Unconjugated bilirubin is potentially toxic to neural tissue in newborns and able to cross the blood-brain barrier. Therefore, if hyperbilirubinaemia is left untreated it can lead to devastating short and long-term complications.
Kernicterus is a pathological term, which describes the yellow staining of cerebral tissue, particularly in the deep grey matter of the brain due to bilirubin deposition. In clinically practice, kernicterus is often used to describe the presence of acute or chronic bilirubin encephalopathy (see clinical features). Thankfully, kernicterus is very rare in practice.
Neonatal jaundice presents with yellow discolouration of a skin and mucous membranes.
It can be surprisingly hard to detect jaundice, especially in newborns with dark skin. However, without recognition newborns do not enter the care pathway to prevent serious complications.
Assess for risk factors associated with hyperbilirubinaemia. Examine the newborn at every opportunity (within first 72 hours). A proper visual inspection involves checking the newborn in bright, natural light with assessment of sclera, mucous membranes and after blanching skin. If risk factors, a healthcare professional should do a second assessment at 48 hours.
Clinical features associated with deposition of bilirubin in the brain:
Clinical features associated with prolonged damage to cerebral tissue from untreated hyperbilirubinaemia.
Diagnosis of neonatal jaundice can be made clinically and then confirmed using serum bilirubin measurements.
NOTE: if the bilirubin level using transcutaneous bilirubinometer is at or above the relevant treatment threshold for the respective age of the newborn, you should proceed to serum bilirubin measurement.
A formal clinical examination by a trained healthcare professional should be completed alongside a series of investigations to determine the underlying cause.
If clinically indicated:
If prolonged jaundice (> 14 days if term, >21 days if preterm):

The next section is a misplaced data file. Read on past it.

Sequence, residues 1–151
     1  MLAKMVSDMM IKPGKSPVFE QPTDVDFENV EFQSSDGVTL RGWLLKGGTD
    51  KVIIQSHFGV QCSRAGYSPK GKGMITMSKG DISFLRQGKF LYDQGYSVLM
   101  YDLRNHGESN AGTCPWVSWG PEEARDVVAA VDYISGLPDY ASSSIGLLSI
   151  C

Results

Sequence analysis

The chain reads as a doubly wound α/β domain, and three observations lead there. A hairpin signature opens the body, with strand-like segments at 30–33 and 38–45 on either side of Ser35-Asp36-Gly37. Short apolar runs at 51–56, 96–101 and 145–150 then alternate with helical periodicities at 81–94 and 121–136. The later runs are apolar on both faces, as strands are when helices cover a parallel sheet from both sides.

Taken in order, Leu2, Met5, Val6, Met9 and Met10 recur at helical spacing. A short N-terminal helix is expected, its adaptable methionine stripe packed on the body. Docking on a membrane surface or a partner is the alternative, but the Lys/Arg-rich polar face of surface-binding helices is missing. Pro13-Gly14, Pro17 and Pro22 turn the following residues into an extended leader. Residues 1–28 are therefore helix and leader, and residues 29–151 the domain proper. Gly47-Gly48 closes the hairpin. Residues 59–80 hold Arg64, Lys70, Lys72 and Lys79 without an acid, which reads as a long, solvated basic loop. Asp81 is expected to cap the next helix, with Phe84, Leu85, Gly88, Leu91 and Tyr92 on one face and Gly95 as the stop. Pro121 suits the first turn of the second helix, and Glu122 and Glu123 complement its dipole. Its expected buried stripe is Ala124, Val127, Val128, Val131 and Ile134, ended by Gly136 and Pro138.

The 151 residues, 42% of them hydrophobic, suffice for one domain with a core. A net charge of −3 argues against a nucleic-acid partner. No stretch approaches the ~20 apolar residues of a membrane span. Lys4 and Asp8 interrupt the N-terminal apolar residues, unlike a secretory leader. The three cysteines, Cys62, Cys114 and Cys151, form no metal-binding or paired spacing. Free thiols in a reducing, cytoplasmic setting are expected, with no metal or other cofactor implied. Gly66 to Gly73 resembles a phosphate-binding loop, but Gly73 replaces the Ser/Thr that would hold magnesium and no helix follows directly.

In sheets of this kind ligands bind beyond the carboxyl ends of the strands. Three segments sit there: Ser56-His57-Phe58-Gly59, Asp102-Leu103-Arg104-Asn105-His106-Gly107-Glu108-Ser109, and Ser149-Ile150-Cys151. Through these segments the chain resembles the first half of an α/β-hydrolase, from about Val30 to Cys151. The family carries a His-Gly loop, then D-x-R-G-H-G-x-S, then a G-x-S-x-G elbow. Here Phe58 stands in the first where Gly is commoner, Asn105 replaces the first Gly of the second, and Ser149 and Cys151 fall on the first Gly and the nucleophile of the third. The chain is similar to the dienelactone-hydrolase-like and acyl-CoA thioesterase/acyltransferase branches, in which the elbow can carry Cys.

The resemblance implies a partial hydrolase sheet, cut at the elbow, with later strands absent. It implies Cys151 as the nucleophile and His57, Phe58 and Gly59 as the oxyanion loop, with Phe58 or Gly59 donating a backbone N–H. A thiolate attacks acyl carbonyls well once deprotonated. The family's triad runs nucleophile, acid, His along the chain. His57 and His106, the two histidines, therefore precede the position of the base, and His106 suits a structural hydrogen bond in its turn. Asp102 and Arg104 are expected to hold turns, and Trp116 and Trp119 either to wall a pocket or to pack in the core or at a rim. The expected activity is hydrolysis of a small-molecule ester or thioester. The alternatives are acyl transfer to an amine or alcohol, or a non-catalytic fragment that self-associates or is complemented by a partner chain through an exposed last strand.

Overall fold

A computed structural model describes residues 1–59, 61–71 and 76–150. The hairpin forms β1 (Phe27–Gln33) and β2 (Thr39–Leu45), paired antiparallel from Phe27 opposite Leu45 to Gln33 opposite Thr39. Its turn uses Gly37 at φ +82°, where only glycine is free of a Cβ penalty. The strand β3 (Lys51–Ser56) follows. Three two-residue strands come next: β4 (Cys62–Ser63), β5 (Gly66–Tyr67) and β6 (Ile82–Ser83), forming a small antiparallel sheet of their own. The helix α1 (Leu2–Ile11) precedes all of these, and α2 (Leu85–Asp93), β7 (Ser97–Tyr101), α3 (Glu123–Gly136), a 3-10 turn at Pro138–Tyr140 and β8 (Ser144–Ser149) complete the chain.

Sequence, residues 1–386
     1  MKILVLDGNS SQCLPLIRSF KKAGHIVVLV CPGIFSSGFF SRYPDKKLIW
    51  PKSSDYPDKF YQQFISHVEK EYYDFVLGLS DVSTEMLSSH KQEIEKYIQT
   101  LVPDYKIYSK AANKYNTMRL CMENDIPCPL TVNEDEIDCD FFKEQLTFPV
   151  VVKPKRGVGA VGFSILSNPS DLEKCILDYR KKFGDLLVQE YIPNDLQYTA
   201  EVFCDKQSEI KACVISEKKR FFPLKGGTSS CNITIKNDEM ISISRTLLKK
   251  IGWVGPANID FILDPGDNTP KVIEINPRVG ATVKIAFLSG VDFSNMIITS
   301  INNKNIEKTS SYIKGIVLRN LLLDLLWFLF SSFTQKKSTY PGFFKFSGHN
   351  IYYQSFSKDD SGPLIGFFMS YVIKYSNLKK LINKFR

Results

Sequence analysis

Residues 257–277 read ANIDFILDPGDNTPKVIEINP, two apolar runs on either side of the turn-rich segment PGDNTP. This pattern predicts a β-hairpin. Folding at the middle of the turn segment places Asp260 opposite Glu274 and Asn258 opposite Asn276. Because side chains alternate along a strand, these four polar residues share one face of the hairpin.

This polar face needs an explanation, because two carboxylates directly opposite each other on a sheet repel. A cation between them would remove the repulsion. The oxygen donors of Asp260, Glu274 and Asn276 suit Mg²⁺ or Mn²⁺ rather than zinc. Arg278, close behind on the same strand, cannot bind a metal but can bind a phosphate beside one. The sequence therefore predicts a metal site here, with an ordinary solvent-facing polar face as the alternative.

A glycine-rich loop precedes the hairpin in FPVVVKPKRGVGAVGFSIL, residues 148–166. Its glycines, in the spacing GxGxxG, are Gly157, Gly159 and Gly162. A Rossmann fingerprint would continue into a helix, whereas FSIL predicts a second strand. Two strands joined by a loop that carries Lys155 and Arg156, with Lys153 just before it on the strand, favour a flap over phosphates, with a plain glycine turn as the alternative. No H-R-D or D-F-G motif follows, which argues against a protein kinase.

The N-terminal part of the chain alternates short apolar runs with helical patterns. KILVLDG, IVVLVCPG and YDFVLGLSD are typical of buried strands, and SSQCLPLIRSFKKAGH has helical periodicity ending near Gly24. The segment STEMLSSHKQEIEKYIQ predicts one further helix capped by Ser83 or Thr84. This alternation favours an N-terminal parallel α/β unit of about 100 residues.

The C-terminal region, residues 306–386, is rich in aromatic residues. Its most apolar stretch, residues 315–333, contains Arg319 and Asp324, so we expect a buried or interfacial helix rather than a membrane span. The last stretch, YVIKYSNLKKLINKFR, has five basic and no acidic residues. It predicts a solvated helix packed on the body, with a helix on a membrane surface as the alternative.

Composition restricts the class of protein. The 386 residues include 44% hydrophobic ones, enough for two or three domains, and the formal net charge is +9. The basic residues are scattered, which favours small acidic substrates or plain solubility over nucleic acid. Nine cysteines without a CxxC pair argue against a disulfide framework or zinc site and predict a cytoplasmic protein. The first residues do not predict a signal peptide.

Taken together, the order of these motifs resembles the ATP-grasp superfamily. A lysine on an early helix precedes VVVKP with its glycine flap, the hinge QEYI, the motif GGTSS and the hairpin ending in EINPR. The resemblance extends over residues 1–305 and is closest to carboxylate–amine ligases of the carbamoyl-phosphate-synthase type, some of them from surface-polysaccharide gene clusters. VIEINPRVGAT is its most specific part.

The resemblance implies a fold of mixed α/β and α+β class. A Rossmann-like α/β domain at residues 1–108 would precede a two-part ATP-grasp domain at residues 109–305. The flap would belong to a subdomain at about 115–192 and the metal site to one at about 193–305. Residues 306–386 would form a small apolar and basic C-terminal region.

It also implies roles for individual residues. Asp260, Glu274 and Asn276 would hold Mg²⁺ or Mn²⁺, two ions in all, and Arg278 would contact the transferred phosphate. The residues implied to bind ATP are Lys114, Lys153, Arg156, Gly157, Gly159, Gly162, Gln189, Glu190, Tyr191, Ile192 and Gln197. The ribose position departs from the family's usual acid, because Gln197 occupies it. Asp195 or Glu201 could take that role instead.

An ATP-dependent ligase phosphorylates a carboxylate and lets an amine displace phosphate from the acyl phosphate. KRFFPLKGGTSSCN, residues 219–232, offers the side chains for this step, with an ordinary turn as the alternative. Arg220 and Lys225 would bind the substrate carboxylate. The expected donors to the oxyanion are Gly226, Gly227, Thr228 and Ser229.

Management depends on the treatment threshold graph/table and includes photodynamic therapy or exchange transfusion.
Management of neonatal jaundice depends on the extent of hyperbilirubinaema. Treatment is vital to prevent irreversible neurological damage for bilirubin deposition (i.e. kernicterus).
We can used a treatment threshold table for newborns > 38 weeks gestation or treatment threshold graphs for preterm newborns. These provide valuable information about when to instigate management based on the total level of bilirubin.
NOTE: Profound conjugated hyperbilirubinaemia requires specialists input as may suggest severe liver disease (e.g. biliary atresia).
Each week of gestation has an individual treatment threshold graph. If a baby is born as 30+2 weeks gestation, you would use the 30 weeks gestation graph and day 0 represents the day of birth.
This involves the use of blue-green light in the range of 460-490 nm, which converts unconjugated bilirubin into water soluble molecules that can be excreted. It is a noninvasive and inexpensive way of treating neonatal jaundice. There are different types including single phototherapy and continuous multiple phototherapy
Newborns having phototherapy require closing monitoring with regular assessment of bilirubin levels (e.g. every 4-6 hours until stable or falling, then interval may be increased).
The use of emergency exchange transfusion has decreased with the use of phototherapy. It involves removal of the newborns blood and simultaneously replacing it with a compatible donor. This leads to a dramatic reduction in bilirubin levels.